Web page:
A very experienced European banks analyst I know recently told me he thinks the market needs to think harder about cost of equity for banks. I tend to focus on the earnings and take cost of equity as given. However, looking at the 3Q results of Svenska Handelsbanken (SHB) (OTCPK:SVNLY) I think it might have been a richer question than I first thought. From November 2015 to July 2016, SHB lost 23% in value. Since the low on 6 July, it has risen 36% and is 4.5% above where it started the round trip. The P&L of the bank has hardly changed during this time.
This is striking price volatility for a bank stock that is accurately regarded by many as almost bond like in its solidity - the reason for this is legendary. With a CET1 ratio of 24% and very strong asset quality, SHB is exceptionally unlikely ever to need equity investors to recapitalise it. The stringent domestic regulator is an irritant, but the sector has long embraced a lower growth, capital return philosophy that makes investors confident about pricing and risk control, and so also about returns. The following chart shows a disaggregation of SHB's pre-tax profit. It is quite hard to tell one quarter from another, but given what the stock was doing through the early period shown in the chart, one would have to qualify this sameness quarter to quarter as being a positive.
Source: Company data
While there was widespread margin pressure outside the core Swedish franchise, SHB enjoyed improving NIMs in its important domestic mortgage business, allowing NII to improve for the quarter. There was also an improvement in securities transactions income and with stable costs, this drove the lift in Q3'16 pre-tax profit visible in the chart.
In fact there is some growth at SHB, and it's consistent, which can be seen in the main funding and loan volumes of the bank. It edges forward every quarter and the period in the chart below shows >10% loan growth over nine quarters. This is low growth, but not zero.
Source: Company data
There was a dip in the stock price post the results last week when the CEO said on the analyst call that Basel IV remained a question and the capital buffer would come up for review during the coming months. The market got past this wobble very quickly and we need not spend much time debating it here, except to say that the market tends to focus on quite narrow capital questions with the Nordics and concerns about capital levels can get overblown very quickly. This reflects the fact that, in a low-growth world, the primary means of shareholder value is dividend streams and buybacks. So potential changes to these can assume great importance in the minds of those covering the sector. The Nordic banking universe is small - a handful of large stocks, a handful of smaller ones - and I wonder it might be an idea to give the analysts of Nordic banks (who are generally excellent) a wider geographical brief so they keep capital questions in perspective! The message to the retail investor is that dividend streams should remain in a healthy zone and are very low risk because capital ratios are high. As I wrote in another recent piece, whether Nordea can grow its dividend every year is of lesser importance than the level of the yield itself.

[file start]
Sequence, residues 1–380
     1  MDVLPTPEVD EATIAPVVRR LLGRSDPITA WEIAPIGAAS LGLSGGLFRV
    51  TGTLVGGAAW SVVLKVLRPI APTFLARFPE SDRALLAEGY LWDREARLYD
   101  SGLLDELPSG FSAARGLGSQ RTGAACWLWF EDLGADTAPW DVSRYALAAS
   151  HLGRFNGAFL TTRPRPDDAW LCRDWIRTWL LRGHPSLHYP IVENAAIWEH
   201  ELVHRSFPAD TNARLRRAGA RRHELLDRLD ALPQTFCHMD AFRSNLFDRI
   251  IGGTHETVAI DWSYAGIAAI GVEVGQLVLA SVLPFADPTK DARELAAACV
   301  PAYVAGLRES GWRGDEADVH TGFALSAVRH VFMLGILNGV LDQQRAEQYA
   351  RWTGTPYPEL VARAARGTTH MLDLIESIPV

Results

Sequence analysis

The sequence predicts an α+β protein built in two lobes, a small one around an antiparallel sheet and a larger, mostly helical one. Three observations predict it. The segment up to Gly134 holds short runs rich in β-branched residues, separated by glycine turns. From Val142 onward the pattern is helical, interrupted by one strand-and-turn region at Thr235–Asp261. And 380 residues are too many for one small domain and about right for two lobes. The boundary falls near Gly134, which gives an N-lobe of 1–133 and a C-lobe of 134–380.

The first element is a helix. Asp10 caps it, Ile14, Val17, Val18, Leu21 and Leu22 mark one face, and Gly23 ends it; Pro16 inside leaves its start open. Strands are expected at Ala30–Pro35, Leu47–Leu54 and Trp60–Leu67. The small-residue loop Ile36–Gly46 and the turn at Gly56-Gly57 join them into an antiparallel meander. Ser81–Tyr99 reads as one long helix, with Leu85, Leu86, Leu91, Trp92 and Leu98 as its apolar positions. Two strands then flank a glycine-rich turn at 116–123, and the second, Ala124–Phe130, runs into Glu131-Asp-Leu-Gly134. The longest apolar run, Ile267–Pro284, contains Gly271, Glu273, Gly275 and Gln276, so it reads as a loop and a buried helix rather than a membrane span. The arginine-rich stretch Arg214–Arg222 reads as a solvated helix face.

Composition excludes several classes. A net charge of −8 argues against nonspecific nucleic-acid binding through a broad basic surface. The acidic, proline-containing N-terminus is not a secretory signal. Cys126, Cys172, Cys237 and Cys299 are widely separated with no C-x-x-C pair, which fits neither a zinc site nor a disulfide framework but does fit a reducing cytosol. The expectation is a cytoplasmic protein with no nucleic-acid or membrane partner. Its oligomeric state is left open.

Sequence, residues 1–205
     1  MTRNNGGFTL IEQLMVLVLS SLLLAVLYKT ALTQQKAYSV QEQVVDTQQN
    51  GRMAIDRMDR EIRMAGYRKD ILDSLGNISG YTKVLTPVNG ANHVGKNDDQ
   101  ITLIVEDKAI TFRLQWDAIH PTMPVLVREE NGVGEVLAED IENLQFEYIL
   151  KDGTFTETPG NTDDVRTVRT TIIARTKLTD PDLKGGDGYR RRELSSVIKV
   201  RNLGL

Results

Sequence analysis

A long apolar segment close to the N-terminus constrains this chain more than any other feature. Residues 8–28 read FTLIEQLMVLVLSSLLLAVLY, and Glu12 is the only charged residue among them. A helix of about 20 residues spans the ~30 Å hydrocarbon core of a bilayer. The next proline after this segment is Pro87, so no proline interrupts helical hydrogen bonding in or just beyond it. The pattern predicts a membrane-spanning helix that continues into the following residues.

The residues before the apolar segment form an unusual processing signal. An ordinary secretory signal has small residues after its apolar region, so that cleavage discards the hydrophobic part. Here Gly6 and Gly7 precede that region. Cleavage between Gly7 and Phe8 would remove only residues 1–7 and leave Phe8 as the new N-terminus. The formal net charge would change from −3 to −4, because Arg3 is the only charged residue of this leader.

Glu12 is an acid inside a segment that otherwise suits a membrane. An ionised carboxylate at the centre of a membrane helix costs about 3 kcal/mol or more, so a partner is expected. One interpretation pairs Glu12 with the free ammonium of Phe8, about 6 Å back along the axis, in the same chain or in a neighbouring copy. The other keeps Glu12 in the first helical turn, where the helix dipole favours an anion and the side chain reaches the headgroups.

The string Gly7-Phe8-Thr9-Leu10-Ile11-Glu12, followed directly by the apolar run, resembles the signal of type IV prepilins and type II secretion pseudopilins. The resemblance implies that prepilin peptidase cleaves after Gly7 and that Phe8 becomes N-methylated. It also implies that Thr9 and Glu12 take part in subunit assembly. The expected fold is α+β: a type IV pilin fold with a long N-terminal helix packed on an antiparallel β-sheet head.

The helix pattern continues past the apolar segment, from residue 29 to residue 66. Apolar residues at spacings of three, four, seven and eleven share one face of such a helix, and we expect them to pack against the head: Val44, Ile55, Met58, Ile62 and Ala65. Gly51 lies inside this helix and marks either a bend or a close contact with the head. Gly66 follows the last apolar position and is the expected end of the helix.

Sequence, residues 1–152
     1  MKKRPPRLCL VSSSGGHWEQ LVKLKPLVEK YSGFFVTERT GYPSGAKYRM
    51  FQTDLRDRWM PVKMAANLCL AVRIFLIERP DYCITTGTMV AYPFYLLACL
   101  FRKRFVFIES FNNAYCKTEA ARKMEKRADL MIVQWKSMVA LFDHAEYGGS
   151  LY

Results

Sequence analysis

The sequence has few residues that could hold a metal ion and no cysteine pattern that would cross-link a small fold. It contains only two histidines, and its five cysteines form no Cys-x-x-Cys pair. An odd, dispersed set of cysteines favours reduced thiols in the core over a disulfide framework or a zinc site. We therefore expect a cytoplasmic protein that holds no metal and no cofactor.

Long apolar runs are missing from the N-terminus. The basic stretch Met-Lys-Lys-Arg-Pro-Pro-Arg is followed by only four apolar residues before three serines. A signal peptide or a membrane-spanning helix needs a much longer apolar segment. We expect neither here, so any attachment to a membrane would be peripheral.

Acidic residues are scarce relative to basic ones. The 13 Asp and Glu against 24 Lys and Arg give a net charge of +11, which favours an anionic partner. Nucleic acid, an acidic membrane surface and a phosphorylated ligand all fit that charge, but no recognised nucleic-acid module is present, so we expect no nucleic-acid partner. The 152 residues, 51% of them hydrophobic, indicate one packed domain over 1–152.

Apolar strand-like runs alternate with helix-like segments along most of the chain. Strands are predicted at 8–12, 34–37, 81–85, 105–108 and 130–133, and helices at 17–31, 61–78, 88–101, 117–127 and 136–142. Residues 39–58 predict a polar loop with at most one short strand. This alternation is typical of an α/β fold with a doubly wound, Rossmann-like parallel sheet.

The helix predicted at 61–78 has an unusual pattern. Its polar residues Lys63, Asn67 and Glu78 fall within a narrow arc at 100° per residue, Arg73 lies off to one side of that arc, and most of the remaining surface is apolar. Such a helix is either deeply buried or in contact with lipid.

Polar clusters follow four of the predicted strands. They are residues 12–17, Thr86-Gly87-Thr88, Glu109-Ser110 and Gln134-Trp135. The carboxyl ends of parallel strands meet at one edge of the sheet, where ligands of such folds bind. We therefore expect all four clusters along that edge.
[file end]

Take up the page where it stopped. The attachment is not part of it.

Back to Svenska's risk premium. ROTE remains around 13% in Svenska, and Price/TBV is about 1.75x, which allows for a little growth over a 10% cost of equity. For example, assuming 5% growth would return a 1.8x BV. If the market dropped cost of equity to 9%, the stock could rerate very substantially to 2.2x BV. My analyst friend is a sell-sider of vast experience and it's interesting to me that he is musing on this question now because he is long past the time when he thought valuation models mean very much vis-a-vis likely price action. His question reflects the fact that the sector has got through a rough market period, which suggested a scenario completely at odds with its fundamental performance. That scenario has not transpired, and the stocks are recovering. A few, like SHB has completely recovered. My own guess is that investors won't easily move away from the 10% cost of equity assumption currently being used, and therefore, Svenska is not so compelling up here on a relative basis. It probably shouldn't ever be that compelling- maintaining a full valuation and advancing in line with its growth. In that sense, a ~5% advance over last November is about right for a very high quality, 4% yield stock. The message is, wait for the next totally unwarranted dip to add to your holding.
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